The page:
To Gary, was re:to Michael.
Carlos Eduardo Rebello
crebello at SPAMantares.com.br
Wed Dec 15 15:12:38 MST 1999
I've this same sense of we as a dying breed sometimes. You see , I
defended my Ph.D in june 1996, at age 39, so I shall stay around in the
academy a little longer, but it angers me to see that the Sociological
research in Brazil is increasingly concerned with the most useless kind
of "Cultural Studies" (I've heard of a thesis,with research expenses
paid by the government, about tatoo patterns among middle class
youngsters in Rio de Janeiro!) while there is so much to be fruitful
studied in a time of deep despair and social anomy here. For instance,
the fact that - unfortunately for us, Gary - the Catholic Church in
Brazil has sucessfully adapted to modenity by means of the most wretched
emulation with pentecostalism; almost each month, in Rio or São Paulo,
there is a megamass in public premisses, where 6-figures numbers of
people assemble in a crowd to hear one of the various "singing fathers"
that exist here, to provide them with the cheapest warm feelings of
togetherness,through singing pop songs that enrage anyone whose
consciousness has got beyond the amoebal level, and dancing "The Lord's
aerobics". There where times, 6 months ago, when I wanted to hear some
light tune on the radio while driving, and I had no other choice across
the entire dial (I could hear classicals at the Ministry of Education
Broadcast, but one cannot hear classical all the time) than choosing
between "Raise your hands", By Father Marcello Rossi (Raise your hands/
And sing the glory of God...and so on), or, altenatively, the go-go
dancer and bimbo "Auntie" (who had at that time a program for teen-agers
that featured scenes of faked bondage, like depillating with hot wax
young men that failed to answer correctly what are the South American
countries that do not have a border with Brazil) singing a 3rd.-rate
avatar of the famous 60s French hit *Je t'aime, moi non plus* (The Braz.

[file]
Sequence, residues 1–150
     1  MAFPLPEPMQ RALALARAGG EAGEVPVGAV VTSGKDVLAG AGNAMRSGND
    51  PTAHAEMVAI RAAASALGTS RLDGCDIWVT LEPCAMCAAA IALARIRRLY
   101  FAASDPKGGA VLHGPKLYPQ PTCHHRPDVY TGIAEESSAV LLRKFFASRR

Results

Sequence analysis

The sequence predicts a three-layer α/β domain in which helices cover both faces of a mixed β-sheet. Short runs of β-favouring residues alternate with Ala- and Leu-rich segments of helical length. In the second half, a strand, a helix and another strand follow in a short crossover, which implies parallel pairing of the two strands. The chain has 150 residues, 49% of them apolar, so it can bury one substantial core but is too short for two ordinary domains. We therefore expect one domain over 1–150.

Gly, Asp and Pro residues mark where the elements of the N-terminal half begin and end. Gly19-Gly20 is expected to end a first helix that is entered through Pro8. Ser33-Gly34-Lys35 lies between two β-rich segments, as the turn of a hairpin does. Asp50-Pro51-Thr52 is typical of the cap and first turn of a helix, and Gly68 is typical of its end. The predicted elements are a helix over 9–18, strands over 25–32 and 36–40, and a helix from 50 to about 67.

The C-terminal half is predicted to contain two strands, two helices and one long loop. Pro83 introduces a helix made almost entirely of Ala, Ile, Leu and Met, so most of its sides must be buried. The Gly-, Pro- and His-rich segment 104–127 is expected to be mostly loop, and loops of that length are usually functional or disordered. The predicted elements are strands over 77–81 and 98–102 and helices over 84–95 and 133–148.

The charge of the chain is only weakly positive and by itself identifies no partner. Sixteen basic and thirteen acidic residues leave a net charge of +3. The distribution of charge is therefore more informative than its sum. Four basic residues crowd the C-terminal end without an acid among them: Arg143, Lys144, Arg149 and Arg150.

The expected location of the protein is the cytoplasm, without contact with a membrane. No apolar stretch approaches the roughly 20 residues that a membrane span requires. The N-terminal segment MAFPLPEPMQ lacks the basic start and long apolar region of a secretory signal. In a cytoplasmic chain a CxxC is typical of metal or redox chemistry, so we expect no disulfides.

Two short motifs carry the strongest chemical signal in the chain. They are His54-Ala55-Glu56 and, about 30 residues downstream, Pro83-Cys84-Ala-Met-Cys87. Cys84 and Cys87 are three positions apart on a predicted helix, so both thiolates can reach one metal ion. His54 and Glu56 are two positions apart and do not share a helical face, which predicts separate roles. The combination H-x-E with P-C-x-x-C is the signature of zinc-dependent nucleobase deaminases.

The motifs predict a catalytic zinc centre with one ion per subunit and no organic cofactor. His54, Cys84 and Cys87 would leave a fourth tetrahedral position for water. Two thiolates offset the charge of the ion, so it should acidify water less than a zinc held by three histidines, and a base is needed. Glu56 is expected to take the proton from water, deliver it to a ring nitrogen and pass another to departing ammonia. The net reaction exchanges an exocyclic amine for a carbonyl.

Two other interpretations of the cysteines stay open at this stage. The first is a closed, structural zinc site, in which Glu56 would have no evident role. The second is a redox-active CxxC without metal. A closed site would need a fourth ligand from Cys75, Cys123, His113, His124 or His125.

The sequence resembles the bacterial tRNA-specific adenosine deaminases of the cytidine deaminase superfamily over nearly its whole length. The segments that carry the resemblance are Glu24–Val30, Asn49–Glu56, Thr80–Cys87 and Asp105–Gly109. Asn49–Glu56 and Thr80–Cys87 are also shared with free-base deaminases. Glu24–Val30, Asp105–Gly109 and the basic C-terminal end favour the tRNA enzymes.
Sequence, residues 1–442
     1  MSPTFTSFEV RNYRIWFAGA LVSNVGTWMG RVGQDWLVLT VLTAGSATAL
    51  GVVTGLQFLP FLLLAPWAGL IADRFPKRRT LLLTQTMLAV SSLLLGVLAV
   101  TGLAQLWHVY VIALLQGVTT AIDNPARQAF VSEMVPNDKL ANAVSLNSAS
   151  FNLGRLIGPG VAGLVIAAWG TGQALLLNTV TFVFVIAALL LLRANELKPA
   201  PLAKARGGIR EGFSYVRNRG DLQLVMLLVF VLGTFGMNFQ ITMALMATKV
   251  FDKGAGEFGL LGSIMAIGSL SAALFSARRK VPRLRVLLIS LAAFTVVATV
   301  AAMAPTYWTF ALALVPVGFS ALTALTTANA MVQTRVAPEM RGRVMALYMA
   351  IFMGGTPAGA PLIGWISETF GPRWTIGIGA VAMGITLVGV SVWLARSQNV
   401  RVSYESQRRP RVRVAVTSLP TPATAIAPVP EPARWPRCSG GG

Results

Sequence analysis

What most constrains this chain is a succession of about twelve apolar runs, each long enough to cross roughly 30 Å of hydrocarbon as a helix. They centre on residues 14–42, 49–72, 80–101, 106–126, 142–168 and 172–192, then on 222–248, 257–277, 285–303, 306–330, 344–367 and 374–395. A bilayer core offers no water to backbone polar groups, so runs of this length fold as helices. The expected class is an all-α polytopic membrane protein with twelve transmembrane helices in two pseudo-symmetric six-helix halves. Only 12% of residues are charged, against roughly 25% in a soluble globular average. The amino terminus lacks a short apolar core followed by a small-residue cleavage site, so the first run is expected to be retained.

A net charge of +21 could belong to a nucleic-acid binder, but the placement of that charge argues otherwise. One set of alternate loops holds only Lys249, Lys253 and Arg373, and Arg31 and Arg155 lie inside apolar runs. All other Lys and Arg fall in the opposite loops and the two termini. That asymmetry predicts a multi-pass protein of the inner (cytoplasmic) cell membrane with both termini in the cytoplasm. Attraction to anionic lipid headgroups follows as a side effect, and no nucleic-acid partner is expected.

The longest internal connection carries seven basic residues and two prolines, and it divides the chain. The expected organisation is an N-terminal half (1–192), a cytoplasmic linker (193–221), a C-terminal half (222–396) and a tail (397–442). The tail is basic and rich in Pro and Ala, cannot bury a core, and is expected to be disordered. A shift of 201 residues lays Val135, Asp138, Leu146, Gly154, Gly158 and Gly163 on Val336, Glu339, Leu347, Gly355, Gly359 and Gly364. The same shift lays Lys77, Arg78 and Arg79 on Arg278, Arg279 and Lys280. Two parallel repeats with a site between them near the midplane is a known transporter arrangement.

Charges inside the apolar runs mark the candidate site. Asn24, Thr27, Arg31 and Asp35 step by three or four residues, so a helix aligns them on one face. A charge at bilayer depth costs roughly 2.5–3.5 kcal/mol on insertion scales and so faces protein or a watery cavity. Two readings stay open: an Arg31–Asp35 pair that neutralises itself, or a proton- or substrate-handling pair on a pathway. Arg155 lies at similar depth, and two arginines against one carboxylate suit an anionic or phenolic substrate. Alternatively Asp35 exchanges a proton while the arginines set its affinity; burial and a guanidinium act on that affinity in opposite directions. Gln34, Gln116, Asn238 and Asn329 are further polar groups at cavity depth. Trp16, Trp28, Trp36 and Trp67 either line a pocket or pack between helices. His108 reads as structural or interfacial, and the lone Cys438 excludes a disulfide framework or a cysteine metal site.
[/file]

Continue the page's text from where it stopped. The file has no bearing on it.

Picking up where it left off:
version was something like that: "Here he comes, with a horny
look...[various moans and groins]...I shall make you sweat,
yeah"...sorry, readers)...Well, after all, the spirit behind is the
However, when I think that two of my under-graduate students are actual
trade unionists that have already written brilliant finishing essays on
trade-unions, and that a third student is finishing a marvellous such
essay about perceptions of class in the greatest shantytown of Rio,
where she lives, I think that perhaps all isn't lost, and that perhaps
going out of the groves of academe and to search alternative ways of
producing Marxist knowledge can not be so bad after all...
> Date: Wed, 15 Dec 1999 14:34:18 +1000
> From: Gary MacLennan <g.maclennan at qut.edu.au>
> Subject: To Michael was Re: Belated Congrats to Gary MacLennan!
> Thank you Michael and all those who congratulated me publicly. My PhD was
> on Left wing documentary film in Australia, with an overlay of Bhaskarian
> theory (or was that theology?).
> The thesis was variously described by the examiners as 'polemical' and
> 'laborious'. Still they all passed it without changes.
> As to why do a PhD, I simply had to do it for my job. I would recommend no
> one to undertake such a punishing and primitive initiation rite unless they
> had to.
> the wider question about Marxists in the academy would need a full
> discussion. I though tend to think that we are a dying breed, an
> endangered species that has run out of habitat. I am 57 now and when I
> retire from QUT in a few years time, that will be that as far as Marxism is
> in this university. Apres moi a whole crowd of bright young reactionaries.
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